A recent study (Christian Schröder and Nils Reimer, “ Environmental impact of exhaust emissions by Arctic shipping”, Ambio,Volume 46, Supplement 3,2017, pp 400–409) demonstrates that because of ice in this route, ships often use excessive fuel, which has an impact on environmental quality. The study made a detailed analyses pattern of the movement of ships along with climatic impacts.
On the other hand, a study (Dmitry Yumashev, Karel van Hussen, Johan Gille, Gail Whiteman , “Towards a balanced view of Arctic shipping: estimating economic impacts of emissions from increased traffic on the Northern Sea Route”, Climate Change, Vo.143, No1-.2, pp 143–155) by Dmitry Yumashev and Karel van Hussen, while it does not show an alarming picture for NSR in terms of climate change, it highlights that in the long-run, this might pose a threat to the ecology of the NSR region. This will happen only after 2030, when ice will start melting and there will be a quantum jump in the usages of this route. It has been observed that most of the impact to climatic conditions are emanating from oil industries located in this region and their transportation to the external market.
The Arctic Monitoring and Assessment Programme, which is a think tank operating under the Arctic Council, brought out a report titled AMAP Assessment Biological Effects of Contaminants on Arctic Wildlife & Fish in 2018, which gives a detailed note of the crisis threatening the Arctic Region. The study highlights that:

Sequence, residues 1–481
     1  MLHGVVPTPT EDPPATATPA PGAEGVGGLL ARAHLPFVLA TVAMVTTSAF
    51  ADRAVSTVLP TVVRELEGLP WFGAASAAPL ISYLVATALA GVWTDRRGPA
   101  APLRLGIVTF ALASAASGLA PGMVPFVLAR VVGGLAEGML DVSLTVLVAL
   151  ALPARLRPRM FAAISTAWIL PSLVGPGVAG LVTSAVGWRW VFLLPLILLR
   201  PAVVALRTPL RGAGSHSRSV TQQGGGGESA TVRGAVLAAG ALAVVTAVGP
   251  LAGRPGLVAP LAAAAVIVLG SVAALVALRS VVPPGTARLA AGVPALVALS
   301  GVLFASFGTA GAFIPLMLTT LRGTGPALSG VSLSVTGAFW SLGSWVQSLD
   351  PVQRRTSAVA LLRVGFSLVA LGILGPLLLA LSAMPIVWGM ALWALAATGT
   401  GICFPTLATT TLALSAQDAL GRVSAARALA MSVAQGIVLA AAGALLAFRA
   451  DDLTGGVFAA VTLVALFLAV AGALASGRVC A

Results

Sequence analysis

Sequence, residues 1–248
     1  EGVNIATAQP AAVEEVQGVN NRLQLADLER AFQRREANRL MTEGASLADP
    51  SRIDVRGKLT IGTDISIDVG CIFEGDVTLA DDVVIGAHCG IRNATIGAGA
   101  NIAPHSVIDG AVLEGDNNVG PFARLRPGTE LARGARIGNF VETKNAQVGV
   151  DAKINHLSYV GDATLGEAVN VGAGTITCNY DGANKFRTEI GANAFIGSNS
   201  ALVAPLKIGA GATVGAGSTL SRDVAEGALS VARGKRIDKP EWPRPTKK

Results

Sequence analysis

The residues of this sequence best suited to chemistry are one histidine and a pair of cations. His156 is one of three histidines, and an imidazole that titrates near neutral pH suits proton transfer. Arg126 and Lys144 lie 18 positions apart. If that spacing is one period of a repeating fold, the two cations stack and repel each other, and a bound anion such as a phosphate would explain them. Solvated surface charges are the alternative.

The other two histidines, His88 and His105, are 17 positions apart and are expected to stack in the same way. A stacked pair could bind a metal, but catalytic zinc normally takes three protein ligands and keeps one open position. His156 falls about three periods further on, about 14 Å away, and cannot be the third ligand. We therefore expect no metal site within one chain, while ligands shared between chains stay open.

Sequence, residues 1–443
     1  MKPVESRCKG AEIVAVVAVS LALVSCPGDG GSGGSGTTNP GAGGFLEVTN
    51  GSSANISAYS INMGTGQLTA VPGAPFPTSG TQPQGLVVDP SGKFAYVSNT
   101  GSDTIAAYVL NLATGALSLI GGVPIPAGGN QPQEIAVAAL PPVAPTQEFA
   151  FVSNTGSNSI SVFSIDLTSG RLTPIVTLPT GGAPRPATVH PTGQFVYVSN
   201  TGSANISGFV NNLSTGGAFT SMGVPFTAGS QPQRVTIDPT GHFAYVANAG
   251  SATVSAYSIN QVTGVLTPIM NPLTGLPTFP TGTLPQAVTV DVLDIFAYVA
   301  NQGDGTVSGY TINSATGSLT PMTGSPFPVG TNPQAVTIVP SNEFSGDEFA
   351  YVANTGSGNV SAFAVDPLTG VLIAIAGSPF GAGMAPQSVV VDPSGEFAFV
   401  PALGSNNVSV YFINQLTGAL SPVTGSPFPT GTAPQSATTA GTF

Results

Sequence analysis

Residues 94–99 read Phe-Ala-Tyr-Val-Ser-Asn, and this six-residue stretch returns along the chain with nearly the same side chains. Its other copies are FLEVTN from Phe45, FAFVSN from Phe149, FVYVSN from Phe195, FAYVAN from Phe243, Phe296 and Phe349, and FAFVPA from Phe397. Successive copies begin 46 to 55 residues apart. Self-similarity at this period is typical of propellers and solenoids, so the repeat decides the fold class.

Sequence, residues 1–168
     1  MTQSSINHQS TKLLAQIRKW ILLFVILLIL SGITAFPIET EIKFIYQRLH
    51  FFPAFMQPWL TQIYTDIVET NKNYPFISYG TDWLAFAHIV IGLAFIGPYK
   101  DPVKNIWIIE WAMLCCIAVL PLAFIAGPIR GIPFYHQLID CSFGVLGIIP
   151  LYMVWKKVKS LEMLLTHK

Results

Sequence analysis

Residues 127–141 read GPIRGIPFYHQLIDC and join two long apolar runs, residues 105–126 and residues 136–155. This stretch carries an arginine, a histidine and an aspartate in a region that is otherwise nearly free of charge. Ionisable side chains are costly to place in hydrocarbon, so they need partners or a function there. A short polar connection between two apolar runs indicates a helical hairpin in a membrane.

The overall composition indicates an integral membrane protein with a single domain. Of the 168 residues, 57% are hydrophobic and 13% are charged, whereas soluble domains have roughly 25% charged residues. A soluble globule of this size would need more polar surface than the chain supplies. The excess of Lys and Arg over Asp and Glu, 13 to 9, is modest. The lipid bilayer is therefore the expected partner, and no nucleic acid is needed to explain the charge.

"Many of the chemicals found at elevated levels in the Arctic have also been associated with effects on animal and human health… [and] remain vulnerable to the potential detrimental effects associated with these chemicals." (Page 1)
Similarly, the United Nations, in one of its studies, highlights the linkages between developments taking place in the Arctic region, along with negative consequences on the ecology and the indigenous populations residing there. The report stresses on "recognition of indigenous peoples’ rights to land and sea and their right to free, prior and informed consent in matters affecting their lives."
UNESCO, in an interesting study titled Climate Change Adaptation: Traditional Knowledge of Indigenous Peoples Inhabiting the Arctic and Far North examines the systemic erosion of lifestyle of the indigenous people of the NSR, along with its impact on economic livelihood. The study explains certain glaring figures which definitely generates concerns about human-ecosystem interface in the NSR.
For instance, the study emphasises how the average temperature is increasing over the years by '1.6°C' while the temperature of other parts of the world increases by '0.6 to 0.7'(Page 7) This, the study says, will have an impact on the people's livelihood as there will be a loss of 'natural vegetation'.
It also examines how industrial activities in the NSR region are having an impact on the dislocation of community life.(Page 10)
Another important aspect that needs to be underlined here is that because of extractive industries, a large-scale influx of labourers is taking place in the NSR, which has been resented by the indigenous communities as a threat to their cultural survival.